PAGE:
SIMN Makes Proposals on the Progress Declaration of the Global Compact on Migration, to Be Adopted as a Result of the 1st UN IMRF

New York, March 7th, 2022 – SIMN participated in the informal consultations hosted by the two cofacilitators of the Progress Declaration on the implementation of the United Nations Global Compact for Safe, Orderly and Regular Migration, excellencies Rabab Fatima and Olivier Maes, Permanent Representatives of Bangladesh and Luxembourg. The Progress Declaration will be adopted as a result of the first International Migration Review Forum (IMRF), to be held on 16-20 next May, and, depending on the content of the commitments States adopt, will determine if the Global Compact is still a living and relevant agreement to address the needs and rights of both migrants and host communities.

SIMN participated in the consultations with a constructive approach, providing language that can enrich the declaration States are going to adopt, based on the input document produced by the Civil Society Action Committee and the recently published Report of the Secretary General on the implementation of the Global Compact. In this connection, SIMN highlighted the following issues that it considers indispensable to be reflected in the declaration:

  1. Adoption of measurable goals in implementing the GCM is indispensable, as well as advancements in monitoring State actions and State accountability.
  2. As acknowledged by the Secretary-General, migrants were essential to societies and governments in tackling the pandemic as well as in the recovery efforts. States and societies owe to them; thus, States should grant migrants access to all basic services, especially health and vaccination ones, as well as other social protections, regardless of migration status.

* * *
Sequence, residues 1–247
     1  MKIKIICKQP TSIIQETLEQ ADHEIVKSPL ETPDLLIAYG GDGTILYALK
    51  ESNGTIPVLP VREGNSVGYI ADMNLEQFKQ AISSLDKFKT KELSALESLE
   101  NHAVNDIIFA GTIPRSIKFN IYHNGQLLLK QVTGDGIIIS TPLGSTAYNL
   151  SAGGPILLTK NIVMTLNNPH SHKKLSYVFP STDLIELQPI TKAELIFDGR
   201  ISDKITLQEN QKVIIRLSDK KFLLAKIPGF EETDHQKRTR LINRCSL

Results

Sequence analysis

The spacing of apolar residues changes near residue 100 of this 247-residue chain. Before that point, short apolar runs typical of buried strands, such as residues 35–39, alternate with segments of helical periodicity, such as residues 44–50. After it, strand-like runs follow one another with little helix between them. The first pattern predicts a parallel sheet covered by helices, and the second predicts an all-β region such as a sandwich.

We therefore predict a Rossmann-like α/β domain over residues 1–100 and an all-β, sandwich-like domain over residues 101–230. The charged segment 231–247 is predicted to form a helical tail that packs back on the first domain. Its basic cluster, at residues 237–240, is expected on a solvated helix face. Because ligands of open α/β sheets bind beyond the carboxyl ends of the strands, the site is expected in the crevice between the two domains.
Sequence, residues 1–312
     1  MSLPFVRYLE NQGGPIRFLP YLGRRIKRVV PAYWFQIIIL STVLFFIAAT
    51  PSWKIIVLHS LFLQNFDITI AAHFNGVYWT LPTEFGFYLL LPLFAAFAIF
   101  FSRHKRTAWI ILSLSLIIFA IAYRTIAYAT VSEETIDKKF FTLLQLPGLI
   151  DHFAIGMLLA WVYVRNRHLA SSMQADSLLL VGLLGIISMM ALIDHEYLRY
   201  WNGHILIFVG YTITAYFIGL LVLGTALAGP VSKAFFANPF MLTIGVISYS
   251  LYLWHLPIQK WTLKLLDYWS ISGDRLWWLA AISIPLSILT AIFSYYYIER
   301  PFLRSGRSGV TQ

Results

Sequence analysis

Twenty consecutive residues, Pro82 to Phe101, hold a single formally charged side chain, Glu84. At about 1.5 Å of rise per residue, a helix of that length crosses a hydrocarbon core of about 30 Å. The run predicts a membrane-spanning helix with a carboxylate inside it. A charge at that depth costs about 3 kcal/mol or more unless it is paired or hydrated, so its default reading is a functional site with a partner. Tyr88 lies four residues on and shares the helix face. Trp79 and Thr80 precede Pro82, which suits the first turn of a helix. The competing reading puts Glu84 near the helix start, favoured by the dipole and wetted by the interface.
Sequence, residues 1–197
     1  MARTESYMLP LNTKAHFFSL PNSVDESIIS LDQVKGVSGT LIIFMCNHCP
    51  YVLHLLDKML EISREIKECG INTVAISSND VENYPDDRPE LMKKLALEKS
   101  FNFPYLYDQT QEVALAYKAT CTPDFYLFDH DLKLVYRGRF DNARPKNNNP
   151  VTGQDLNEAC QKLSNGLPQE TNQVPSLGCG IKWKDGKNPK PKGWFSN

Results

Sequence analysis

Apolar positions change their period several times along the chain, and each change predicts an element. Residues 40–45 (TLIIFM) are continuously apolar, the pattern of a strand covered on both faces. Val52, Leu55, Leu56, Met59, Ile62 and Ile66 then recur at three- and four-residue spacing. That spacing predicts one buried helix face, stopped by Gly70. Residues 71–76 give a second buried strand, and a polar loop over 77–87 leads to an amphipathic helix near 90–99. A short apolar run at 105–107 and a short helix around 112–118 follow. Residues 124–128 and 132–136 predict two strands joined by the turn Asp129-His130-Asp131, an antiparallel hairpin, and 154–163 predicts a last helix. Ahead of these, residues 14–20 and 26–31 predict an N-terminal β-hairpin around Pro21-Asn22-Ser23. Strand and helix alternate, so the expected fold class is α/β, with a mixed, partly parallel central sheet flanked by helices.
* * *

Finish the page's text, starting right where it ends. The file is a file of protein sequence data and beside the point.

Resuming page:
3. As the Secretary-General’s Report calls for, in light of the dramatic increase of migrant deaths and other victims of smuggling and trafficking, States are urged to abandon restrictive, deterrence-based migration-related laws, policies, and practices. It is urgent to provide expedite alternatives for regular pathways. Also, in order to reduce vulnerability, migrants should be able to benefit from regularization processes.
  4. The human rights of migrants at all stages of the migratory process should be respected, including at borders. States are urged to demilitarize border enforcement, halt and reverse border externalization, and decriminalize migration.
  5. As acknowledged in the Secretary-General’s Report, as first responders to migrants´ needs, civil society organizations and migrant organizations should be treated as allies and key partners, and as such, meaningful engagement with them is indispensable in the design, implementation and monitoring of all migration policies, measures and programs at the multilateral, regional and national levels. This also has to be done also in the follow-up process to this IMRF.

The cofacilitators informed that they plan to release a Zero draft Progress Declaration in the coming days and reiterated their commitment to conduct an inclusive and transparent consultation process. Another meeting with non-state actors will be organized after the release of the Zero draft.